July 5, 2021, marks a tragic day in the history of cinema and the world itself: the passing of Richard Donner, the man who brought us The Goonies, the Lethal Weapon series, and Superman. While there is much to be said about this visionary director’s influence over kids’ adventure movies and buddy cop flicks, it’s the mark he left on the future of superhero films that has been the most prolific. He took the campy, laughable caped crusader movies with their “Bang,” “Pow,” action sounds literally spelled out on screen to the effects-driven blockbuster franchises that rule the big screens today.
In earnest, Superman was the first superhero film to take their characters and the genre itself seriously, and without it, we wouldn’t have had the evolution of superhero cinema toward that of our beloved MCU. Before Richard Donner, George Reeves was donning the big ‘S’ in the 1950’s Adventures of Superman TV series, which certainly didn’t attempt to make flight or any of Supe’s other powers respectably realistic on the screen. Meanwhile, Adam West was swinging around as Batman, cape and beer gut flapping in the wind. Viewers at the time appreciated this campiness, however, and enjoyed the sight gags and frivolity displayed before them. But it wasn’t going to sell out theaters.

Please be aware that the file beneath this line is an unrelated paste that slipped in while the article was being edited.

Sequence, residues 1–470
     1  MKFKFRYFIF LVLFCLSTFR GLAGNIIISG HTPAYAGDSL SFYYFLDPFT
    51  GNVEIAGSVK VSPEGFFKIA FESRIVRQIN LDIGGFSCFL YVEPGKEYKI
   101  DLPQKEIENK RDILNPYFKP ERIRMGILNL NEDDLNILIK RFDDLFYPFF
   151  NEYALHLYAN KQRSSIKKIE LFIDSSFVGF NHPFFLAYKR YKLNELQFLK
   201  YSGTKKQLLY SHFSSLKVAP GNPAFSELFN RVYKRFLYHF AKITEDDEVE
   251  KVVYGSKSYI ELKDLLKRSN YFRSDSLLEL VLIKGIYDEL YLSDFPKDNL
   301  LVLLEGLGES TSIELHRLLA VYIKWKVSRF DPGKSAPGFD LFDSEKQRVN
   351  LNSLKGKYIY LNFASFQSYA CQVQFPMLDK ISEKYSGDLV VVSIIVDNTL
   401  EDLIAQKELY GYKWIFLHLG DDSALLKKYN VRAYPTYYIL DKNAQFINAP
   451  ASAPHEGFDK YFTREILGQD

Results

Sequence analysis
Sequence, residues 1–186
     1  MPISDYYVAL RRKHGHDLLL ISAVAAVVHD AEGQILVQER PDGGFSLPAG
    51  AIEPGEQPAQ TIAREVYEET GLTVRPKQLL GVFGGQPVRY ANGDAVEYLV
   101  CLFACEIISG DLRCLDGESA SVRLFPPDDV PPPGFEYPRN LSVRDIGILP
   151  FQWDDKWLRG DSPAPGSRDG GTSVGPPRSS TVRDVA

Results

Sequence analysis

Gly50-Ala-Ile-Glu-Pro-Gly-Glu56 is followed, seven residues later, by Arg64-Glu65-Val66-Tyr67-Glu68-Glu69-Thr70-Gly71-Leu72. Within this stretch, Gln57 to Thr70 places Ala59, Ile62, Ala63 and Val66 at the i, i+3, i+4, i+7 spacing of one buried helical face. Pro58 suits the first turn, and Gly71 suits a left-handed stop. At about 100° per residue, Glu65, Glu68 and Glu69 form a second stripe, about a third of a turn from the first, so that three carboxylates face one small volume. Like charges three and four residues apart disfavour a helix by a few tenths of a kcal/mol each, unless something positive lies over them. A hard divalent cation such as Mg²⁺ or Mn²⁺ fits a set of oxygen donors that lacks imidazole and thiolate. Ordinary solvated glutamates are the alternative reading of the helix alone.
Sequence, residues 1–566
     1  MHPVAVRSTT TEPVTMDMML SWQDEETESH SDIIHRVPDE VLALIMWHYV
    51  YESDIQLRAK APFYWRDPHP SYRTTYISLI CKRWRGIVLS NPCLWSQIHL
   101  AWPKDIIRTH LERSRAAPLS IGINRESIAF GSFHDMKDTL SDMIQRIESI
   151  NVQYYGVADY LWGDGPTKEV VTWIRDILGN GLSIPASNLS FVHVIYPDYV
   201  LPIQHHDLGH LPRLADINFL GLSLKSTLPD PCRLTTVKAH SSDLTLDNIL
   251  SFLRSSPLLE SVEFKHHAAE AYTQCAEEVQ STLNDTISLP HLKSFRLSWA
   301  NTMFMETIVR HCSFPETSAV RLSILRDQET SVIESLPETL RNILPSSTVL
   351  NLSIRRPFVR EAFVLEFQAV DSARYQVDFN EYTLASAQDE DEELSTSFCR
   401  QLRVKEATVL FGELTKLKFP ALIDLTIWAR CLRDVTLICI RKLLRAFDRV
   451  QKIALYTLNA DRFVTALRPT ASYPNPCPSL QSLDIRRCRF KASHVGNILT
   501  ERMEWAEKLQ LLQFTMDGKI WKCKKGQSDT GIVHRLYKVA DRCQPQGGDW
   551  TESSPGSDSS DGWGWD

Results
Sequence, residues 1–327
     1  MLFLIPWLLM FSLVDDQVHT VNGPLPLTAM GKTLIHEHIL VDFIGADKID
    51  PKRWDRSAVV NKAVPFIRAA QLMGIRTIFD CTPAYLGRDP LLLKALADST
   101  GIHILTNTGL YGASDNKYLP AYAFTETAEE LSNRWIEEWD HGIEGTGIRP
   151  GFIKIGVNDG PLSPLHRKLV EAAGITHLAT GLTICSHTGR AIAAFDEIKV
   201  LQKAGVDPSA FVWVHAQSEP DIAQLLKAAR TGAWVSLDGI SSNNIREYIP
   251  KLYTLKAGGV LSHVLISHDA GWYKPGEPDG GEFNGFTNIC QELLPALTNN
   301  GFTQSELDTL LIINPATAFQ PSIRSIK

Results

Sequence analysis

While Hollywood execs were aware of the money to be made with superheroes, they had no respect for the comic books from which they licensed their characters. They ignored their origins, their principles, and even the intricately created worlds written around them. The movies and serials were cartoonish at best, depicting parodies of the licensed characters, rather than the heroes of men that comic readers had grown to love.
When Richard Donner took the helm of Superman, he was determined to change all that. He wanted to inject all of the protagonist’s mental and physical struggles he saw in the funny pages into his film. From the faithful child of humble farmers, to the alienated teen discovering his powers, to the man of steel himself, Donner wanted to capture the entirety of Superman’s character arc. Before Superman, on-screen heroes never had their shot as fully developed characters, capable of both good and bad, and conflicted in their discovery of their abilities.